In 2 Samuel 12, the prophet Nathan confronts David concerning his sin with Bathsheba and pronounces a judgment against David. That judgment included the death of David and Bathsheba’s infant son. “Howbeit, because by this deed thou hast given great occasion to the enemies of the Lord to blaspheme, the child also that is born unto thee shall surely die.”2 Samuel 12:14. The fact that an innocent child dies — instead of the guilty pair — is troubling in light of what we know of God’s justice and His care for children. Even when we come to understand God better and accept some of His “harsher” actions, there is no relief from the visceral response we get when a child dies. Everyone should be hurt and appalled at the death of a child.
God does a lot of “uncomfortable” things that simply must be done in a world of sin. But the fact is that God never intended for man to be comfortable with sin and its outfall (which includes its punishment). We should be bothered by the effects of sin. Christians understand this, but it doesn’t make living in a fallen world any easier.
In the case of the death of David’s infant son, there are two main points of contention that can cause problems in our thinking. The first is that God did not deal with David harshly enough. But this accusation ignores the context of the passage at hand; God did punish David, and He did so threefold. David would never again have peace in his house, he would be publicly shamed for his private sin, and, at the apex, his son would die. Nathan outlined the three judgments:
“Now therefore the sword shall never depart from thine house; because thou hast despised me, and hast taken the wife of Uriah the Hittite to be thy wife. Thus saith the Lord, Behold, I will raise up evil against thee out of thine own house, and I will take thy wives before thine eyes, and give them unto thy neighbour, and he shall lie with thy wives in the sight of this sun. For thou didst it secretly: but I will do this thing before all Israel, and before the sun. And David said unto Nathan, I have sinned against the Lord. And Nathan said unto David, The Lord also hath put away thy sin; thou shalt not die. Howbeit, because by this deed thou hast given great occasion to the enemies of the Lord to blaspheme, the child also that is born unto thee shall surely die.” 2 Samuel 12:10–14
In an honor-based culture (as was the ancient Near East), some things were worse than death, like public humiliation. Dishonor would be bad enough for the common citizen, but, as God made a point of reminding David, he was no common citizen — he was the king (2 Samuel 12:7). So, although God did not kill David for his evil deeds, the punishments he received caused him to live in shame. David did not get off easy.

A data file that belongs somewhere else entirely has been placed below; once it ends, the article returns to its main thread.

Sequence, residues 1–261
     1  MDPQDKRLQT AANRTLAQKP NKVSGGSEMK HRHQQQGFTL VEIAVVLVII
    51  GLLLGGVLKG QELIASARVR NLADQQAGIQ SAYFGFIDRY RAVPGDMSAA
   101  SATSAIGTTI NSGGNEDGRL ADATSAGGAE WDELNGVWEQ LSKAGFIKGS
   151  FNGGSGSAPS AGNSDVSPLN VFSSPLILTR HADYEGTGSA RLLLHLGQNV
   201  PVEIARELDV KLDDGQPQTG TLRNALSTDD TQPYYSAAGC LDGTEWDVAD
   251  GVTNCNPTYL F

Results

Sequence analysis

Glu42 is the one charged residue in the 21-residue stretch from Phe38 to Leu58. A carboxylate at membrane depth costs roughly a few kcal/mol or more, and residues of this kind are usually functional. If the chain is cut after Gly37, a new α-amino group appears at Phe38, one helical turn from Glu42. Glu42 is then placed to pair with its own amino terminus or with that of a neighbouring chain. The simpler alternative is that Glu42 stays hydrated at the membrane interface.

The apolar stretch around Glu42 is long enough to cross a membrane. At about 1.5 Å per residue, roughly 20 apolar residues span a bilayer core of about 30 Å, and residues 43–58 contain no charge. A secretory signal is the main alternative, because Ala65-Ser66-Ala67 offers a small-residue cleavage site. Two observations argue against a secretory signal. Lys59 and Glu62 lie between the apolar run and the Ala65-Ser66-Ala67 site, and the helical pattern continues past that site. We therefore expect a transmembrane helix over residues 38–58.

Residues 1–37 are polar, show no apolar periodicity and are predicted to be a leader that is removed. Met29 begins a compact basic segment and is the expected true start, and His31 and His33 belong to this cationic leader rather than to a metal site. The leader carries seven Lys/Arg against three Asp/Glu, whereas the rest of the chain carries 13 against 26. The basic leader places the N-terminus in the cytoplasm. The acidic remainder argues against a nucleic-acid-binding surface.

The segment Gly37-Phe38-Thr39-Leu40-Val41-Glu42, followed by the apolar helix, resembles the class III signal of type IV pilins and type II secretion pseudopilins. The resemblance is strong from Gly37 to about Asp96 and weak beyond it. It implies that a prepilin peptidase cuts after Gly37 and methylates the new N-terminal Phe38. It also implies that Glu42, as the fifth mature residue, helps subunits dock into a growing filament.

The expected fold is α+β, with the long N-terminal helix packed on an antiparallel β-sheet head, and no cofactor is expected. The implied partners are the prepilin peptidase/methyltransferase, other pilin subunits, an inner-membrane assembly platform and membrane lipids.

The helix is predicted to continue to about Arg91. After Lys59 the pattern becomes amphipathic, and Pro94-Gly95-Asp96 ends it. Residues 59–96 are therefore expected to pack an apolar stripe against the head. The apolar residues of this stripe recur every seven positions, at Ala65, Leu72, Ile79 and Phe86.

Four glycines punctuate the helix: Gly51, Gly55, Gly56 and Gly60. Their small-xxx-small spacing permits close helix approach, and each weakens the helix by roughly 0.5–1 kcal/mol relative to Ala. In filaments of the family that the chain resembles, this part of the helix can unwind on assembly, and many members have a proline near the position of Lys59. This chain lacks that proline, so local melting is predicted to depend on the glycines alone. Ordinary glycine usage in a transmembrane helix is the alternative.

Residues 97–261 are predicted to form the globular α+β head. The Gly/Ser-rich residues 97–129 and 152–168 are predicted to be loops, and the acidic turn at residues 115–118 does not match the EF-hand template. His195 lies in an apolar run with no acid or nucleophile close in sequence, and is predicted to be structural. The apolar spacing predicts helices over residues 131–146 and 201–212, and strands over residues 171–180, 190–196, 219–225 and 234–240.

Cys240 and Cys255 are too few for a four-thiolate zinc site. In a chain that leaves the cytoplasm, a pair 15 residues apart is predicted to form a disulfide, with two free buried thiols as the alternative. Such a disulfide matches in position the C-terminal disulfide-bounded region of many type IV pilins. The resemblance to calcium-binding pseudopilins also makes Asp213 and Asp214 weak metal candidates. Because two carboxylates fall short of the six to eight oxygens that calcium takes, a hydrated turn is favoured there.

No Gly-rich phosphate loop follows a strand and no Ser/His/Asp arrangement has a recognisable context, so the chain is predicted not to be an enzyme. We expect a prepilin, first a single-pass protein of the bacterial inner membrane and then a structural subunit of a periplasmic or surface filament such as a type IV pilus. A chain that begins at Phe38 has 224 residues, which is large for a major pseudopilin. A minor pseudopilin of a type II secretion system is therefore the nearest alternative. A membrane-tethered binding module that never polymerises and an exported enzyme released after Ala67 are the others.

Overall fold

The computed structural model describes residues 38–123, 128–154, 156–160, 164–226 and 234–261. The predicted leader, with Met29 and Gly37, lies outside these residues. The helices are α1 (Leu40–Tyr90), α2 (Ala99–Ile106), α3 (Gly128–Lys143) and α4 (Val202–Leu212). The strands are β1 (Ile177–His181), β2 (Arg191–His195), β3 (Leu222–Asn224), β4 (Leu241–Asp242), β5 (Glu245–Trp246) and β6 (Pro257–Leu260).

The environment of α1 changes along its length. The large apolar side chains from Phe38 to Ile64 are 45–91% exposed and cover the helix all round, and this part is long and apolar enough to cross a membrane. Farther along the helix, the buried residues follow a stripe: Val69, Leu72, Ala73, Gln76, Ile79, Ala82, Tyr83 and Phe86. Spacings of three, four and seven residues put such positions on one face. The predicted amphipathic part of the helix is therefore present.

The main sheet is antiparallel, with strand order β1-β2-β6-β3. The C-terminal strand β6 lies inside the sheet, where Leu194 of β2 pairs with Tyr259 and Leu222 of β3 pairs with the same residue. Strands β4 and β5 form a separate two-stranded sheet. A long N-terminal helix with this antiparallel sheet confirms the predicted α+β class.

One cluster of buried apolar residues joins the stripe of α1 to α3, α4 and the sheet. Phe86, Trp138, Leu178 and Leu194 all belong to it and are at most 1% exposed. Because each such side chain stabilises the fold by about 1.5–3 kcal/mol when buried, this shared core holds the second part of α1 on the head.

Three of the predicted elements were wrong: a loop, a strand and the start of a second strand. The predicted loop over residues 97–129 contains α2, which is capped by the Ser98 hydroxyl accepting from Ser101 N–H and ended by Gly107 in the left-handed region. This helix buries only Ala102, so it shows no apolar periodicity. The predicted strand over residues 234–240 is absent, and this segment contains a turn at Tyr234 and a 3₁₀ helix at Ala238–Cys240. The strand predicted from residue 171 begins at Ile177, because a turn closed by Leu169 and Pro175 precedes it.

A second point of contention is that, when God sent the illness that killed the child, He was unjustly punishing the child. However, from God’s perspective, He was not punishing the child; He was punishing David. The king’s grief was so severe that his servants thought he might die himself: “David therefore besought God for the child; and David fasted, and went in, and lay all night upon the earth. And the elders of his house arose, and went to him, to raise him up from the earth: but he would not, neither did he eat bread with them. And it came to pass on the seventh day, that the child died. And the servants of David feared to tell him that the child was dead: for they said, Behold, while the child was yet alive, we spake unto him, and he would not hearken unto our voice: how will he then vex himself, if we tell him that the child is dead?” 2 Samuel 12:16–18
God’s intention in taking the infant in death was to punish David. After a brief illness, the child was gathered up into the arms of God — as all innocents are. This is not a bad thing. This does not exculpate David; when David sinned, he stole the potential of a life lived from his child, and that was a horrible theft, because life is wonderful, life is exciting, and God has a purpose for every life. But, using David’s other children as examples of how this child’s life might have played out, we can say that its possible God was preventing something worse. If this child had grown to reject God like his siblings, then his early death was his salvation. The death of a child will never feel right — and in no reasonable eyes would such a death seem right — yet it can be right when ordained by God. In this case, that was demonstrably true, since God caused the illness.